A fair candidate for the most popular vitamin, ascorbic acid is usually the most sought after micro nutrient when supplementing any of these tiny molecules. Vitamin C has had a steady rise to fame after it was discovered as the preventive nutritional substance for scurvy in the early 1930s. While many of us aren’t battling with the disease that ravaged sailors short of ascorbic acid, we do need the essential vitamin to help maintain our immunity.
The popular nutrient boosts immunity, assists in building cells, and acts as an antioxidant while also regenerating other antioxidants, making it a formidable combination when taken with Vitamin E (or on its own). Seyeon Park from the Department of Applied Chemistry, Dongduk Women’s University conducted a study that found vitamin C improved the efficacy of certain cancer therapies.
Vitamin C filled foods:
- Red pepper
- Oranges & orange juice
- Grapefruit juice
- Green pepper
5. Vitamin K
Vitamin K is a fat-soluble vitamin that contributes towards healthy coagulation (blood clotting) while also ensuring calcium is processed properly by sending it to the bones instead of the arteries. This lowers the chance for cardiovascular-related death, which we all undoubtedly want. A study done by the University of Maastricht, Maastricht, Netherlands showed that vitamin K assisted in maintaining bone strength at the femur in postmenstrual women. The micronutrient is found primarily in dark green leafy vegetables.
These foods bleed vitamin K:
- Natto (Japanese food made from fermented soybeans)
- Turnip greens
6. Vitamin A
If vitamin A is a regular component of your diet you’ll find it easier to read between the lines (literally) since this essential vitamin is critical for vision. It helps keep the conjunctival membranes and cornea operational and is also a component for a protein that absorbs light in the retinal receptors. Vitamin A is involved in immune function and reproduction too. A study by Johns Hopkins Bloomberg at the Department of International Health, Baltimore found that along with measles vaccines, Vitamin A assisted in effective treatment to prevent measles mortality in children. While most of us aren’t children, all of us could do with an immune boost.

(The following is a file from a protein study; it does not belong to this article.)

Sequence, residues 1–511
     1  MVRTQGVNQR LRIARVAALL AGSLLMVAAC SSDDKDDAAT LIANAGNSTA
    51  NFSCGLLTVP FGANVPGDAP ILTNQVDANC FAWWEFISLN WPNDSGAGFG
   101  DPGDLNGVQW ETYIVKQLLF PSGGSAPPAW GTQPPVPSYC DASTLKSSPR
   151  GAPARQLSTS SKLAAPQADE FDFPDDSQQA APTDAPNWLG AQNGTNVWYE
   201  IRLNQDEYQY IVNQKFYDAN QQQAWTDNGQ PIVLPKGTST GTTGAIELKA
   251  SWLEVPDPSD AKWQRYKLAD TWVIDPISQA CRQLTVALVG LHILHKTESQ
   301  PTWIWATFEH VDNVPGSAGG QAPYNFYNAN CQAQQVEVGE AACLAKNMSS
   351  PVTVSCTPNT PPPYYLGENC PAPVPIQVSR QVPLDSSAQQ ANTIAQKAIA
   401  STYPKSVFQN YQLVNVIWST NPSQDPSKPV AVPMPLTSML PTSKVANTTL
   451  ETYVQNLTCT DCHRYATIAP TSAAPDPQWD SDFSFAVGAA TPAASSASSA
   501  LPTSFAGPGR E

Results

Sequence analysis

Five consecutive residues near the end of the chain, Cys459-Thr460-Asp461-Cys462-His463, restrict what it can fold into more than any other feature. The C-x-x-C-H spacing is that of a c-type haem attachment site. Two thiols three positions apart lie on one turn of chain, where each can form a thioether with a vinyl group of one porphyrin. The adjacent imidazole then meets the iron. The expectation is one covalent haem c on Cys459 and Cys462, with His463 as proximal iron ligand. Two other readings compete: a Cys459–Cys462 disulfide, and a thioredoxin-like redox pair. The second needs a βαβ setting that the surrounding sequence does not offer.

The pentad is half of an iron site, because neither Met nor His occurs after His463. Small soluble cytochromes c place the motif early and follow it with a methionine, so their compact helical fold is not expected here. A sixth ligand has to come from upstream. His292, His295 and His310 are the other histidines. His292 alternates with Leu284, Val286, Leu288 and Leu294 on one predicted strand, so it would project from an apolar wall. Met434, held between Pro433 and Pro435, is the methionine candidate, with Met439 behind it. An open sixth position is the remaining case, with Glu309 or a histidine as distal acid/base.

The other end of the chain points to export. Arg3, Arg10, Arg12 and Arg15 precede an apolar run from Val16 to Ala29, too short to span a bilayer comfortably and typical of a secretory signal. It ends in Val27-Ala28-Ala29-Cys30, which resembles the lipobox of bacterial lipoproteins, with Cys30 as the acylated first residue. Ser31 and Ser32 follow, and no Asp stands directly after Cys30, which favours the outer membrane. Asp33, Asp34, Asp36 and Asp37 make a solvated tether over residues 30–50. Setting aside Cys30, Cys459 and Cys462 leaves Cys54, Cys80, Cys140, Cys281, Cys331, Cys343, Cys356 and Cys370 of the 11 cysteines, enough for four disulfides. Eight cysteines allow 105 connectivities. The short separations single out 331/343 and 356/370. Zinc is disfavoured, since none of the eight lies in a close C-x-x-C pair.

Make sure you can tell the difference between a striation and a stretch mark with these Vitamin A-based foods:
- Sweet potato
- Beef liver
- Red peppers
Not to be confused with manganese, this essential mineral is a cofactor of over 300 enzymes. The micronutrient plays an important role in many bodily functions such as protein synthesis, muscle and nerve function, blood glucose control, blood pressure regulation and energy production. It also works. Magnesium is primarily found inside our bones and soft tissue. As with all things, too much of a good thing is bad – excessive magnesium levels sometimes causes gastrointestinal distress and diarrhoea. Humans being an innovative species found that magnesium can be used as a laxative. A study by The Atherosclerosis Risk in Communities showed that people with a healthy level of magnesium had a 38% reduced risk of sudden cardiac death compared to people with lower magnesium levels.
Keep those bowl movements healthy with these foods:
- Cereal (shredded wheat)
- Black beans